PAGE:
• FIG. 12 depict an example position image-based KPI 1200 viewable in an example user interface implemented by the auditing device 102 of FIGS. 1 and/or 2. In some examples, the user uses the auxiliary button 1122 of FIG. 11 to view the position image-based KPI 1200. In some examples, the user uses the position image based KPI 1200 to view the position regions including an eyes region 1202, a hands region 1204, and a feet region 1206. In some examples, the user may edit the size and/or locations of the regions 1202, 1204, and 1206. In some such examples, an edit button 1208 enables the user to edit the regions 1202, 1204, and 1206. In some examples, the position image-based KPI 1200 includes a back button 1210 to return the user to the previous view in the user interface.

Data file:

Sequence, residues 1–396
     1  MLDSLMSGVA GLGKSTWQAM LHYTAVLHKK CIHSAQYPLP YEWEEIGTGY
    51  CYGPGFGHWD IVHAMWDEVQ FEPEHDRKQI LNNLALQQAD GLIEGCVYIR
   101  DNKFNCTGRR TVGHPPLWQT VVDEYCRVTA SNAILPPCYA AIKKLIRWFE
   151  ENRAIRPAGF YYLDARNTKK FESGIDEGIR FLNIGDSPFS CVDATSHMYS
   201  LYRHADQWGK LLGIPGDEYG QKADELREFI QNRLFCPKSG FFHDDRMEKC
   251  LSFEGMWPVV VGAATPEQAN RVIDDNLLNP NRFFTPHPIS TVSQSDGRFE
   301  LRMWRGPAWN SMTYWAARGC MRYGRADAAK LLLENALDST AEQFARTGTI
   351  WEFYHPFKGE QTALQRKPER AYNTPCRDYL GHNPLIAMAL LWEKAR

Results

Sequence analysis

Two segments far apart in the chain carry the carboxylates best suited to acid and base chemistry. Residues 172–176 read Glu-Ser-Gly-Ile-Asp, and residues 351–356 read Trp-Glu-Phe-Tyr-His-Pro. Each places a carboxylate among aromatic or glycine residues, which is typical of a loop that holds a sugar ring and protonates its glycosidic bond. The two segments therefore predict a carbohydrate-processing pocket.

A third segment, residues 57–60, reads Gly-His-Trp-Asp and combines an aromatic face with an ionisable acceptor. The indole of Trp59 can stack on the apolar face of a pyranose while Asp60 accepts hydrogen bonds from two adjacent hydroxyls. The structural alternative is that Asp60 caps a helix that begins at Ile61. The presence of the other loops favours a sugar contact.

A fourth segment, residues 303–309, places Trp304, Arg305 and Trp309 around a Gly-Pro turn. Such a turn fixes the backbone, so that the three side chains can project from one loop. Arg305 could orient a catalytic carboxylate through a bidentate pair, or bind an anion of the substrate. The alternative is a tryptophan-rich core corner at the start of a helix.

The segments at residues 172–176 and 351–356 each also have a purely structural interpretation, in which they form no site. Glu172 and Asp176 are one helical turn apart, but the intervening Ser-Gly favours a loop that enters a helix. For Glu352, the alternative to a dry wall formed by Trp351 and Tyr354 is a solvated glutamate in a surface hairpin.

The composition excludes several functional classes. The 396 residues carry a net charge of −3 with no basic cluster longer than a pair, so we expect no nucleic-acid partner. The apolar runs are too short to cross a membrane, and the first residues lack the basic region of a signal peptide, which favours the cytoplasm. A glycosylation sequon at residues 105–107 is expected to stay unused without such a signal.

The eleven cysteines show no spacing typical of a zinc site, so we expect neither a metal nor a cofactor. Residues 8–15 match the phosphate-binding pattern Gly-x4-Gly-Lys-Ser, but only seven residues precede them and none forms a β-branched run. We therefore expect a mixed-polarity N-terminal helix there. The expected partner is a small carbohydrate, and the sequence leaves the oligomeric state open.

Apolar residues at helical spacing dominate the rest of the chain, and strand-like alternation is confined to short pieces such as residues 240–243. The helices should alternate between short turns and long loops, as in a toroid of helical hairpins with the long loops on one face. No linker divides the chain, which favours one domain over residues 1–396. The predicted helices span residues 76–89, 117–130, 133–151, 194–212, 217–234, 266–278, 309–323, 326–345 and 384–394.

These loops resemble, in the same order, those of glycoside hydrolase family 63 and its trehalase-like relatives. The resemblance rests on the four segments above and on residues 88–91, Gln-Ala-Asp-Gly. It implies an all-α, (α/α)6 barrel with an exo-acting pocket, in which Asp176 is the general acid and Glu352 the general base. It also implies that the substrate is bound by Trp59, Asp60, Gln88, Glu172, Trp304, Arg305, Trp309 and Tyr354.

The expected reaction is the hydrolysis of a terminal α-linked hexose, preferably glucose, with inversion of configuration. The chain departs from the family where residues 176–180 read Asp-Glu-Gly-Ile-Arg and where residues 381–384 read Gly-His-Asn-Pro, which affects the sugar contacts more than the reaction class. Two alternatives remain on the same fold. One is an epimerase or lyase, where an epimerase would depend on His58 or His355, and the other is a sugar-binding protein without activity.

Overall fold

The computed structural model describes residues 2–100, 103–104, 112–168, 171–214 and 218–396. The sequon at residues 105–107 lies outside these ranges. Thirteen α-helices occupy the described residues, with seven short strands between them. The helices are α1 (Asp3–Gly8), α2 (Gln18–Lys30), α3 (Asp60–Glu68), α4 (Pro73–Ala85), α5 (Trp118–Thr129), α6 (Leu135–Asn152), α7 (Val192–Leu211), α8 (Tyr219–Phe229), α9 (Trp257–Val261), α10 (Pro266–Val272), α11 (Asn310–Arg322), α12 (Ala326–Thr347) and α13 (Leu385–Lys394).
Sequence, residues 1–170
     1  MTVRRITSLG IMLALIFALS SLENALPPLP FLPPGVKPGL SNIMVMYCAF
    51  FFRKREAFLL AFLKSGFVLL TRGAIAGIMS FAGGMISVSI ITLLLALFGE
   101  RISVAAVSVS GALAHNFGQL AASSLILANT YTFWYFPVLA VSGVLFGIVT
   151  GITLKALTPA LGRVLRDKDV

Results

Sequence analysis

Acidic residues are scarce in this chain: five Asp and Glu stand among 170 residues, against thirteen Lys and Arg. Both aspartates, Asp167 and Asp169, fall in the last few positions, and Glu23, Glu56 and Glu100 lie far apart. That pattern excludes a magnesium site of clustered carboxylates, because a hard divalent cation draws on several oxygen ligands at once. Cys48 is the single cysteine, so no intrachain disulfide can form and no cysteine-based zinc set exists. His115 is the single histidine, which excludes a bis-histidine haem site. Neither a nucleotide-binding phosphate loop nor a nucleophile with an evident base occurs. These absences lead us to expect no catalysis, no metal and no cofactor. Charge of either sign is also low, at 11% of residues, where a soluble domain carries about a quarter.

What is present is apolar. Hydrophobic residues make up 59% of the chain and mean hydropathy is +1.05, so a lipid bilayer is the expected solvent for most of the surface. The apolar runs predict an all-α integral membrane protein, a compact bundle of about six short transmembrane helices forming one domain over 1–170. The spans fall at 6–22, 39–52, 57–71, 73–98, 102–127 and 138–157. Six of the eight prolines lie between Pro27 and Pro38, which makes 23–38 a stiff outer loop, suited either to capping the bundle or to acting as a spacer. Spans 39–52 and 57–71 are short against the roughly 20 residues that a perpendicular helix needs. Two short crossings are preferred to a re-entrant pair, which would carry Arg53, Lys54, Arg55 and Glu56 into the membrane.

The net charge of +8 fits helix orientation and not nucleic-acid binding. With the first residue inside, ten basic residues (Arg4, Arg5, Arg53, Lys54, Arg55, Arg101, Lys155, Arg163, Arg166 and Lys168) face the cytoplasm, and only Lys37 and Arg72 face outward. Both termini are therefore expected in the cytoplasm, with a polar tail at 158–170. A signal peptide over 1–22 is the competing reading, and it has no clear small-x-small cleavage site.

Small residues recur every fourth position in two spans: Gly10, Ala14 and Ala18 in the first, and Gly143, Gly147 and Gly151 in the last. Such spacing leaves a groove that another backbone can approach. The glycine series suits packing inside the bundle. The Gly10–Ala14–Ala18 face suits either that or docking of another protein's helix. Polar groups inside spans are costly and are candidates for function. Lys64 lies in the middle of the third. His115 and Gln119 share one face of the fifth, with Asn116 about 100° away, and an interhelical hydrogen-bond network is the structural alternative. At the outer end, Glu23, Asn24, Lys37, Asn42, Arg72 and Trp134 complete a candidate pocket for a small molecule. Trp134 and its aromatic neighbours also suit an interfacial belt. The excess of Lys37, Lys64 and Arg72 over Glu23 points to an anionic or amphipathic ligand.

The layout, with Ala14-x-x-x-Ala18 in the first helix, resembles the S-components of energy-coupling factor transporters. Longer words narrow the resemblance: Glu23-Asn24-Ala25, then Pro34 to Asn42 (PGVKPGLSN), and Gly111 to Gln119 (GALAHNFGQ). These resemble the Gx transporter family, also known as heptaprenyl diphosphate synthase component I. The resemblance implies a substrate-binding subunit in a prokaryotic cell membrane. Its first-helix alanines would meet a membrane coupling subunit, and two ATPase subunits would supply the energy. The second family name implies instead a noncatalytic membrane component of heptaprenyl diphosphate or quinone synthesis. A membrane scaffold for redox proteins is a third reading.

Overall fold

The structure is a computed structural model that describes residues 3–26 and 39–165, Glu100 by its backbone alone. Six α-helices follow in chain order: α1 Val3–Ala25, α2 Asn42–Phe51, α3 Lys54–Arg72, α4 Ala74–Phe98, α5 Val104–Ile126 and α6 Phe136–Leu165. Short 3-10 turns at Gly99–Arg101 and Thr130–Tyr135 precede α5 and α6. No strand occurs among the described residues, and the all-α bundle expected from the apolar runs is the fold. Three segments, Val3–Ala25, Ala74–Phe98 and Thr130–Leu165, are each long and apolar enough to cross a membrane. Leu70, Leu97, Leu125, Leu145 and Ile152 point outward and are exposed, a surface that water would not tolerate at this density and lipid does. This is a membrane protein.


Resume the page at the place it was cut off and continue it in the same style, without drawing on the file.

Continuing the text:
• While an example manner of implementing the auditing device 102 of FIG. 1 is illustrated in FIG. 2, one or more of the elements, processes and/or devices illustrated in FIG. 2 may be combined, divided, re-arranged, omitted, eliminated and/or implemented in any other way. Further, the example processor 202, the example camera 204, the example display, 206, the example I/O interface 208, the example image segmentor 210, the example candidate pattern selector 212, the example product identifier 214, the example KPI definer 216, the example results analyzer 218, the example storage device 220, and/or, more generally, the example auditing device 102 may be implemented by hardware, software, firmware and/or any combination of hardware, software and/or firmware. Thus, for example, any of the example processor 202, the example camera 204, the example display, 206, the example I/O interface 208, the example image segmentor 210, the example candidate pattern selector 212, the example product identifier 214, the example KPI definer 216, the example results analyzer 218, the example storage device 220, and/or, more generally, the example auditing device 102 could be implemented by one or more analog or digital circuit(s), logic circuits, programmable processor(s), application specific integrated circuit(s) (ASIC(s)), programmable logic device(s) (PLD(s)) and/or field programmable logic device(s) (FPLD(s)). When reading any of the apparatus or system claims of this patent to cover a purely software and/or firmware implementation, at least one of the example processor 202, the example camera 204, the example display, 206, the example I/O interface 208, the example image segmentor 210, the example candidate pattern selector 212, the example product identifier 214, the example KPI definer 216, the example results analyzer 218, the example storage device 220, and/or, more generally, the example auditing device 102 is/are hereby expressly defined to include a tangible computer readable storage device or storage disk such as a memory, a digital versatile disk (DVD), a compact disk (CD), a Blu-ray disk, etc. storing the software and/or firmware. Further still, the example auditing device 102 of FIG. 1 may include one or more elements, processes and/or devices in addition to, or instead of, those illustrated in FIG. 2, and/or may include more than one of any or all of the illustrated elements, processes and devices.